You Don’t Know What You’re Missing Out On

15 Sep

spam musubi...mmm

In Kanagaki Robun’s “The Beefeater”, the beefeater is fascinated by Japan’s newest delicacy. Until recently, beef had been reserved only for the emperor.  But with the new westernization movement as part of the Meiji era, beef was now socially acceptable for anyone to consume.  With such a unique flavor (as compared to traditional Japanese meats, like deer or fish) that did not sacrifice taste, the beefeater is left to wonder why such a novel food took so long to become a part of Japanese culture.

One food that I’ve had a similar experience with is spam—Hawaii’s favorite meat.  Yes, I know as you’re reading this, you’re probably cringing and trying to get that disgusting image of a juicy slice of pink spam out of your brain.  Don’t worry.  This reaction is perfectly normal for people who have either not grown up in Hawaii, or not had the pleasure of eating a spam musubi.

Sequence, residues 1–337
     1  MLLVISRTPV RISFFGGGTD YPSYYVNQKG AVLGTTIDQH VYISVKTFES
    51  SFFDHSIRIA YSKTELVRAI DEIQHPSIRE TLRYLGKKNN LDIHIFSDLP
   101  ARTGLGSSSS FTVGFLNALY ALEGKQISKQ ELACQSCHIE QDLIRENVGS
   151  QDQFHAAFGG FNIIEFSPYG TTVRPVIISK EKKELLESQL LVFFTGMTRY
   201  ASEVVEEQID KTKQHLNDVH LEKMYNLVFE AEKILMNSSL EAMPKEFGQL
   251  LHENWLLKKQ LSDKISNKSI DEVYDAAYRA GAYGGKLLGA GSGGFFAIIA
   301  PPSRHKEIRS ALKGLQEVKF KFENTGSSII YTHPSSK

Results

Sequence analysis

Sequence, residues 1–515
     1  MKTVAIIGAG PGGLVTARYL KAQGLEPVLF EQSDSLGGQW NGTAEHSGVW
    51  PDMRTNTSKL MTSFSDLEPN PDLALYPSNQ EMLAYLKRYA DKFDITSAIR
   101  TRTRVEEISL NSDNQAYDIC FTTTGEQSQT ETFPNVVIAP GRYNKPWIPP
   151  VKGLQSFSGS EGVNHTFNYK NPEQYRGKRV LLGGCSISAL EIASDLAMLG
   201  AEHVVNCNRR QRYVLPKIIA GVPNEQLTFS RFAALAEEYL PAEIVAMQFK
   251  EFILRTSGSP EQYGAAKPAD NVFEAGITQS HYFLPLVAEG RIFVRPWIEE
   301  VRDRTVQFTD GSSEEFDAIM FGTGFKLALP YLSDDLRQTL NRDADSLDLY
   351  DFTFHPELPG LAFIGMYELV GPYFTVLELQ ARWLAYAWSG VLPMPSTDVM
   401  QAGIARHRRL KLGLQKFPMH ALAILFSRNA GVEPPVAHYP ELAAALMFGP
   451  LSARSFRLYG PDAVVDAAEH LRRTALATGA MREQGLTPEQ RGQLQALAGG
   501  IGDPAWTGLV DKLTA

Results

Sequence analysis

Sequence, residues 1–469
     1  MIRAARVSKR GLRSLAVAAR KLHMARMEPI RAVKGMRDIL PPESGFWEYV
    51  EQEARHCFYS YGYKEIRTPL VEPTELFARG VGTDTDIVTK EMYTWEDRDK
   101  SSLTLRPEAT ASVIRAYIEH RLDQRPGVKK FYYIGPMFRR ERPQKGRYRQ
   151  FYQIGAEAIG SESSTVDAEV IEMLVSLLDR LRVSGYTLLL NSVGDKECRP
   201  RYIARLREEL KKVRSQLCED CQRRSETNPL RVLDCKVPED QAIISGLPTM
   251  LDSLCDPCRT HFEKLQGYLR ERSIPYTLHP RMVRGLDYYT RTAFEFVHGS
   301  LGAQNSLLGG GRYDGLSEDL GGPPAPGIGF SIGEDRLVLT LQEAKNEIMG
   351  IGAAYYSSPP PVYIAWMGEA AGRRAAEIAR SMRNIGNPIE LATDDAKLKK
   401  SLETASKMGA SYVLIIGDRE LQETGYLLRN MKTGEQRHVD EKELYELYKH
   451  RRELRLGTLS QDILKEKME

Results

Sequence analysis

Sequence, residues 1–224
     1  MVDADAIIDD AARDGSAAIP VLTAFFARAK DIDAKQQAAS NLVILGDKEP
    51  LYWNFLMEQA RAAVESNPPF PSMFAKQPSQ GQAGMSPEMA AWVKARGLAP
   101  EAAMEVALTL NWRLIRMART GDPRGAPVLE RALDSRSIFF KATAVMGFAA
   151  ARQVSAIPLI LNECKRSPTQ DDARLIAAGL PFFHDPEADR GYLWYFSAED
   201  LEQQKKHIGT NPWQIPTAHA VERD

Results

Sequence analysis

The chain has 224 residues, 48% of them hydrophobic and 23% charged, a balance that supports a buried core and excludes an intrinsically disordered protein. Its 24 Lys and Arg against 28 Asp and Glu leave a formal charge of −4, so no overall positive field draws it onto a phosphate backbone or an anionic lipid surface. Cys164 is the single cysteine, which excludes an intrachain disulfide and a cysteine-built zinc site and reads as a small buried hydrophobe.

From what I’ve gathered growing up in Hawaii, the main reason why foreigners are so opposed to spam is because it was generally viewed as a “lower-class” meat.  Just as the emperor was the only one who could eat beef in Japan (pre-Meiji) because it was seen as an elitist food, most people outside of Hawaii view spam as a food for the lower class.  So, similar to how it was in the Meiji period when one’s food choices indirectly conveyed his/her social status, spam also is a food that apparently shows one’s social inferiority (outside of Hawaii).  People in Hawaii however, are just fine with that judgment.  They could care less how foreigners view them because only they know what those anti-spam people are missing out on.  I though, like the beefeater, am quite curious as to why spam has failed to gain more of an appreciation in the other 49 states.

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